A relationship is sort of like a job, as morbid and dull as it sounds. You have to work to get in it and you have to work hard stay in it. For a romance to stand the test of time, you need to be committed and willing to work at it.
No matter how badly we want our relationships to work, not every partnership we find ourselves in is meant for success. People change, and so do the things they want from life. Part of learning how to create happy and stable lives for ourselves is knowing when to cut the cord on relationships and when to stay. If you’re wanting to keep your relationship then here’s a list of what NOT to do!
The Importance Of Relationships
Relationships are at the core of the most important things we do, not only as leaders but also as humans. Relationships are how we form partnerships and families and organizations and communities.
All relationships, personal and professional experience ups and downs. There are great times when you can almost read each other’s minds, followed by challenging periods when you seem to be miles apart. These variations happen even in healthy relationships too. But if things seem to be more down than up, you may start to wonder if something more serious is going on.
Symptoms Of Concern
Whether you want to admit it or not, your relationship may not be made to last forever. If your relationship is on the rocks, these are the hard-to-deny signs that tells you some work needs to be done.
Resentment grows when someone feels unheard or dismissed. Left unchecked, it leads to bitterness and a smoldering anger that scorches everything around it. Communication goes from difficult to impossible and negativity is overwhelming. The best prevention is a combination of equity and communication. Make sure everything, from cash to household or office responsibilities, is handled fairly, and if there’s something on your mind or you’re feeling frustrated by a situation, talk about it.
Mutual respect is a cornerstone of all successful relationships. If you’re sensing disrespect, whether you’re giving it or receiving, you have a fundamental problem. It’s sometimes a case of never having learned how to disagree respectfully, and at other times a more serious or personal issue.
An occasional lie is forgivable and, depending on your moral outlook and the situation, sometimes even appropriate. But lies about serious matters, or a daily barrage of deception, are seriously harmful. Often a key to the source lies in asking yourselves what function the lies are playing. Is it to give an illusion of competence in some area, or to prop up a failing sense of self-respect? Once you understand why, you can find more positive ways to achieve the same end.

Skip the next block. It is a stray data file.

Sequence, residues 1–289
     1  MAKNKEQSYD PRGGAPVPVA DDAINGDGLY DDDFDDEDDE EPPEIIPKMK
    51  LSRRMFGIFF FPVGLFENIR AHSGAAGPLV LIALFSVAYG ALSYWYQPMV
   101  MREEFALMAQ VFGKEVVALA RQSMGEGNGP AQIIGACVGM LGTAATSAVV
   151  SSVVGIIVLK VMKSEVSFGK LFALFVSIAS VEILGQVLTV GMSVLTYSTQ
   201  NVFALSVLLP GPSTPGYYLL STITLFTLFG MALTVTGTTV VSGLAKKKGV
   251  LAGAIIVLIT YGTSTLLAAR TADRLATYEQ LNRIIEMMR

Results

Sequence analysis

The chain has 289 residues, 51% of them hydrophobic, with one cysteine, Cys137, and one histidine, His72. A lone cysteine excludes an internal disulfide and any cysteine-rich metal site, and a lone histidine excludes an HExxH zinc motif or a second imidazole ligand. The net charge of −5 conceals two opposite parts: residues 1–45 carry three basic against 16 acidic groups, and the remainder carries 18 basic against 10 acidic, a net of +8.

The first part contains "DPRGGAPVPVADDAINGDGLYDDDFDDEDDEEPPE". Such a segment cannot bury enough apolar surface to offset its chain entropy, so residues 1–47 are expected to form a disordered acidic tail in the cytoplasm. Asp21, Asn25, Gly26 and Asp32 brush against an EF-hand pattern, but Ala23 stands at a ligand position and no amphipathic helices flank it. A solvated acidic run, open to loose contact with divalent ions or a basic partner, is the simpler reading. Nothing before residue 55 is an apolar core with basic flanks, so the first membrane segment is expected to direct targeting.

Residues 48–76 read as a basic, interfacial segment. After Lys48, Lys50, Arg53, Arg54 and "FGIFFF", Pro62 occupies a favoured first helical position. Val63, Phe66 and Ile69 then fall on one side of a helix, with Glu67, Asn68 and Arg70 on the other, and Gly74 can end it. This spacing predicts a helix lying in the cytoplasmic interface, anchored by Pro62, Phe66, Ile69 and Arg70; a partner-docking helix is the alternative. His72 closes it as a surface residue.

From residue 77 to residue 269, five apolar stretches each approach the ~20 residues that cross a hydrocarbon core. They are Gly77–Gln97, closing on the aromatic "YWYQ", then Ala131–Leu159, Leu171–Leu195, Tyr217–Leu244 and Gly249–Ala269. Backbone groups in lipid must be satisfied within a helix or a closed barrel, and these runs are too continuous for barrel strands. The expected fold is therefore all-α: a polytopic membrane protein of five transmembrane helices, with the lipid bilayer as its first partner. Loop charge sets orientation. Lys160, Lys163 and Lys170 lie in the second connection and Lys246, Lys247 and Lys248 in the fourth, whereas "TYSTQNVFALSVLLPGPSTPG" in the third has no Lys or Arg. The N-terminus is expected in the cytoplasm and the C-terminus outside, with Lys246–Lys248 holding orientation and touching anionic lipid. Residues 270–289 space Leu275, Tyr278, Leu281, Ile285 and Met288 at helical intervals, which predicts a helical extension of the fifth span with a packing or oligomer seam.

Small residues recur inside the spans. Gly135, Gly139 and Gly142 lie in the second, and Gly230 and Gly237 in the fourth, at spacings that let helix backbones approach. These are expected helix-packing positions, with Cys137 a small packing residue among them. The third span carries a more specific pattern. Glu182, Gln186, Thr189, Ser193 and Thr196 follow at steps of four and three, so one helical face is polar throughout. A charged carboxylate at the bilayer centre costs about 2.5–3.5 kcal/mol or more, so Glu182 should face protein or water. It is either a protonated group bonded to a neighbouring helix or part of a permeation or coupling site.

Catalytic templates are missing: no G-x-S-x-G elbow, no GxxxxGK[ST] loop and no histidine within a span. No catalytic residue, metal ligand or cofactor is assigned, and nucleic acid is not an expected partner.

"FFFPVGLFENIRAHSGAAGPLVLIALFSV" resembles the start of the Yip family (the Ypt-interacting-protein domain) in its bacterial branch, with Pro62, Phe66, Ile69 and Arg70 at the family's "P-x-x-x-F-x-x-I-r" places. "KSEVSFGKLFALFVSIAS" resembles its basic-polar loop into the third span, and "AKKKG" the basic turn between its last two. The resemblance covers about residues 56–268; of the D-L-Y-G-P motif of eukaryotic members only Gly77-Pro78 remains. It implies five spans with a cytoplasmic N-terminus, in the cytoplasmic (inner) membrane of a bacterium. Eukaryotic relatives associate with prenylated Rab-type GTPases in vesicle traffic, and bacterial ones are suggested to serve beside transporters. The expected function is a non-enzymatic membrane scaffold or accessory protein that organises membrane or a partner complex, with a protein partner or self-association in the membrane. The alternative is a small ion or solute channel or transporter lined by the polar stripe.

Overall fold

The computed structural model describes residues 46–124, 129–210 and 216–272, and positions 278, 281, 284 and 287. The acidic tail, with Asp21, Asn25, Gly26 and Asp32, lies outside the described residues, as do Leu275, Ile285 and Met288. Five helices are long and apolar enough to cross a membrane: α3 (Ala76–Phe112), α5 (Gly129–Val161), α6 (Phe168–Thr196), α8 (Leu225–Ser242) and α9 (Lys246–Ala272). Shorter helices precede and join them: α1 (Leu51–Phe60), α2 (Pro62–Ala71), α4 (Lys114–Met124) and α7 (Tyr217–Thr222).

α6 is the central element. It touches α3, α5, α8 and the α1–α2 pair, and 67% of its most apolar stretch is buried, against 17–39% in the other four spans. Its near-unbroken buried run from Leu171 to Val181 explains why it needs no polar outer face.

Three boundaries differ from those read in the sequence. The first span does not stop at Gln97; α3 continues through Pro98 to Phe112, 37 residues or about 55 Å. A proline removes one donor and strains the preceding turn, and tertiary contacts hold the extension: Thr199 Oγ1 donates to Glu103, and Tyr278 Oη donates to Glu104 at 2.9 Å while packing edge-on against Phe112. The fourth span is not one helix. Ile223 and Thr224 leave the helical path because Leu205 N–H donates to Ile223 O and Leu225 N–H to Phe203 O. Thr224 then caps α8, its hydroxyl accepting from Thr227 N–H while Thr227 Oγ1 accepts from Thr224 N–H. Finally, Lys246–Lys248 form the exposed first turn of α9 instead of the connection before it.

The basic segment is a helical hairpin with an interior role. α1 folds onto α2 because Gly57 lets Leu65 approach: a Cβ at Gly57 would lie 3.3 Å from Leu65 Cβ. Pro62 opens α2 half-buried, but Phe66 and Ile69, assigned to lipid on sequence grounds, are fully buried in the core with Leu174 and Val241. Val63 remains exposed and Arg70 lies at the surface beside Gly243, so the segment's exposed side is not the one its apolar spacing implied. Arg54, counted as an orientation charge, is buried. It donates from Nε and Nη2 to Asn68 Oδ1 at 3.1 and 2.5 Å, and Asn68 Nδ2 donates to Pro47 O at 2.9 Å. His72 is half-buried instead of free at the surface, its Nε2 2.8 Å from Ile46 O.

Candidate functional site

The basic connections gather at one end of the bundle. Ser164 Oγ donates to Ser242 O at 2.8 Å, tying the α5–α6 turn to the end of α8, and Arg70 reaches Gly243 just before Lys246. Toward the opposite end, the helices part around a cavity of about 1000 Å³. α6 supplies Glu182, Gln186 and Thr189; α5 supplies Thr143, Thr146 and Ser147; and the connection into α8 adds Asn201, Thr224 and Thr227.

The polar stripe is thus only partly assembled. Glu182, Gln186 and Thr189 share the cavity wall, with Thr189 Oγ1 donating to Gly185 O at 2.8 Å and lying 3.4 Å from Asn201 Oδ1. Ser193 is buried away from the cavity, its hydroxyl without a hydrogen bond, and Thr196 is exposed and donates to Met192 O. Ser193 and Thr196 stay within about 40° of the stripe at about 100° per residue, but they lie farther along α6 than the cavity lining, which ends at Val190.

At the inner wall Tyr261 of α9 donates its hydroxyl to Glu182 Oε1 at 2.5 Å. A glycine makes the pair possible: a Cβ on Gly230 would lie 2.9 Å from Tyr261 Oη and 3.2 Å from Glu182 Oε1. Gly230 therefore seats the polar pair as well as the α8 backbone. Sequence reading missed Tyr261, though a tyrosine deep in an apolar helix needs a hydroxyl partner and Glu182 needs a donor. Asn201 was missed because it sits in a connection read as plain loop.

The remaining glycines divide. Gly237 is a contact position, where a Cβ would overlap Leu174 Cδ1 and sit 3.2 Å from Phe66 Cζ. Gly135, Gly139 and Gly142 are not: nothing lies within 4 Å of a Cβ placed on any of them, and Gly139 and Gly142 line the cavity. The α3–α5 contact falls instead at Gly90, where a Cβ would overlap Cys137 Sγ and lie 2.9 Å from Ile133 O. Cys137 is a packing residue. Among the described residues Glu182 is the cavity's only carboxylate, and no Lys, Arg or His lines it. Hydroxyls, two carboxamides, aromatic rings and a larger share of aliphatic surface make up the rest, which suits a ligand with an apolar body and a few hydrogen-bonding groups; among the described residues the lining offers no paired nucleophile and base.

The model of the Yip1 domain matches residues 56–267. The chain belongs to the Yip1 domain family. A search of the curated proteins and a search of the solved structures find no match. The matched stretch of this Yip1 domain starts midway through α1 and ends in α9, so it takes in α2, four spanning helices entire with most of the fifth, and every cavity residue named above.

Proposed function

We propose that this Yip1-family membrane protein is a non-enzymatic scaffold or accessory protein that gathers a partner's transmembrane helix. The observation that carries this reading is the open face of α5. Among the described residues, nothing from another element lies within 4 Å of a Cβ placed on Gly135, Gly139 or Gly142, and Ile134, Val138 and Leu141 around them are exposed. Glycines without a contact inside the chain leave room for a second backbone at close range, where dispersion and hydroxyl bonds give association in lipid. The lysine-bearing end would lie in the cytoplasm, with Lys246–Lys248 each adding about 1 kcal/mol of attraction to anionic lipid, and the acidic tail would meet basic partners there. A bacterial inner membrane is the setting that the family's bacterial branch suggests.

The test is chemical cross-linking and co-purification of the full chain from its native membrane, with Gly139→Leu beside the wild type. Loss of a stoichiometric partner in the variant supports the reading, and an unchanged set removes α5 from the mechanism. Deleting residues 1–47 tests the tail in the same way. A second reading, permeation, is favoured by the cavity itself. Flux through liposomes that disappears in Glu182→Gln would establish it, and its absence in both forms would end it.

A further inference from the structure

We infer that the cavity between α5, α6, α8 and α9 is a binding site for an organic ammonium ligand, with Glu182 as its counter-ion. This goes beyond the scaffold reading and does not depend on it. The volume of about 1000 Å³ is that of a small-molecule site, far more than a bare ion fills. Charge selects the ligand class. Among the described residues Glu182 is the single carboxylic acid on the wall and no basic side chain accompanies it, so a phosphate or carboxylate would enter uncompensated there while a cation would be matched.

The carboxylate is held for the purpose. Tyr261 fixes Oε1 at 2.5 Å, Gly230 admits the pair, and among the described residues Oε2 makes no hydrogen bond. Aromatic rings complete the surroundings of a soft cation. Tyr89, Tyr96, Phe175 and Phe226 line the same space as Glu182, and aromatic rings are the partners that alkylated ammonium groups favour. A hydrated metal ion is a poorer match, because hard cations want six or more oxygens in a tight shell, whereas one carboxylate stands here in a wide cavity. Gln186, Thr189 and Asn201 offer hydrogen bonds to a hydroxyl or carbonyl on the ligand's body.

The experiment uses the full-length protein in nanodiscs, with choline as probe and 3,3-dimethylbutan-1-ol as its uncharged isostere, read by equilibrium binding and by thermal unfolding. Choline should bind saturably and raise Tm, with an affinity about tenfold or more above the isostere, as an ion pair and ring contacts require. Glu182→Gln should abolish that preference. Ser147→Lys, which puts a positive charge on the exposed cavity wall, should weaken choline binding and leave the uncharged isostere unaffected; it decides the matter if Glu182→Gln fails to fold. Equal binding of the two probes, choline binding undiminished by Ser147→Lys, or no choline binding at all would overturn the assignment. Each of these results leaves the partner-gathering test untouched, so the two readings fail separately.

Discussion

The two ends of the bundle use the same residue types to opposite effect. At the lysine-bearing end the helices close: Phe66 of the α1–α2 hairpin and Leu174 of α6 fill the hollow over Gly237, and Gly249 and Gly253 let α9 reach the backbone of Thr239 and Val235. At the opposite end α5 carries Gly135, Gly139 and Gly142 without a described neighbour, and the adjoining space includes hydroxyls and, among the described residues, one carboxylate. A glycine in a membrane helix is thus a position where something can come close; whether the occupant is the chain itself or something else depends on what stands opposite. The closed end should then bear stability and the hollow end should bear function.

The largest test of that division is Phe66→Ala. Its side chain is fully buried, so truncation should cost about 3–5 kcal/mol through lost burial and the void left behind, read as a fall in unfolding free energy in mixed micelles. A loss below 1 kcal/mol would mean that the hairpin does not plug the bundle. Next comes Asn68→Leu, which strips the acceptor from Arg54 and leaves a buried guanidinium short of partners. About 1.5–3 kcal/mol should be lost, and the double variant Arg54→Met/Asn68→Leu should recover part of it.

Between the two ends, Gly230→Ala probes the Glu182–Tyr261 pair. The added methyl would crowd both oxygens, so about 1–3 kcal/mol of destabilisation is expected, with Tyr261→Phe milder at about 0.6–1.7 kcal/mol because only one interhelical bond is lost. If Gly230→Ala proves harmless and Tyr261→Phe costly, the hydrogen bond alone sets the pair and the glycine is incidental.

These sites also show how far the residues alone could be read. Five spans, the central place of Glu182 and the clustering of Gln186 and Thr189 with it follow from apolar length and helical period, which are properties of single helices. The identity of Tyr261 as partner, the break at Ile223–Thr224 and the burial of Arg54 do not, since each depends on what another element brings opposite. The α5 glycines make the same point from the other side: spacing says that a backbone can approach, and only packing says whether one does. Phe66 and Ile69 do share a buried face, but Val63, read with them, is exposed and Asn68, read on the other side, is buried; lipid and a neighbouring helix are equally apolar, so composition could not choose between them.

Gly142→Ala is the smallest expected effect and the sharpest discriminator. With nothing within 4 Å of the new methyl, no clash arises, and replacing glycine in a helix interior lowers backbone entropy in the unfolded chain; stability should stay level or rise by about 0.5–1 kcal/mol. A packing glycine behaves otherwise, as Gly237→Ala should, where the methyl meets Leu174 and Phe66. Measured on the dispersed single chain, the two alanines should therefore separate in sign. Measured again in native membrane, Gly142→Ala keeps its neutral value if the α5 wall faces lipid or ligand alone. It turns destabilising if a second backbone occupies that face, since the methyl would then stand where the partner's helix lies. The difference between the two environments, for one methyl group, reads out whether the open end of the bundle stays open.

A single betrayal or an act perceived as a betrayal can wipe out a lifetime of trust. If trust is absent, again, ask why? Is it warranted, or is it coming from something unresolved in in a past relationship? If there has been a breach, is it too serious to be mended?
If one or both partners is consistently tuning out, seeking distractions, and making a conscious effort to avoid making a connection, it may be that the bond between you has already been severed. People check out for all kinds of reasons–some temporary, others permanent.
It’s not unusual to respond defensively when you’re challenged. Over time, defensiveness shifts into the “whatever” stage, which throws up a protective isolating barrier. Wherever the need for this protective stance originates, it prevents open communication and a meaningful relationship.
The most serious possible sign; once a relationship is at this point, the odds of survival without therapy are low. It’s often a way of turning one’s own despised and unwanted feelings outward, so left alone it may recur in later relationships as well.
Think about the relationships that are important in your life and work, and ask yourself if they have any of these qualities. If so, you need to take action. It may mean a new focus on growing together in healthier ways, or more structured communication, or a change in the ground rules. You may need the assistance of a counselor to make things right–and you may end up needing to walk away. But with the right intervention and a commitment to success from both parties, you can end up with a newly strengthened partnership.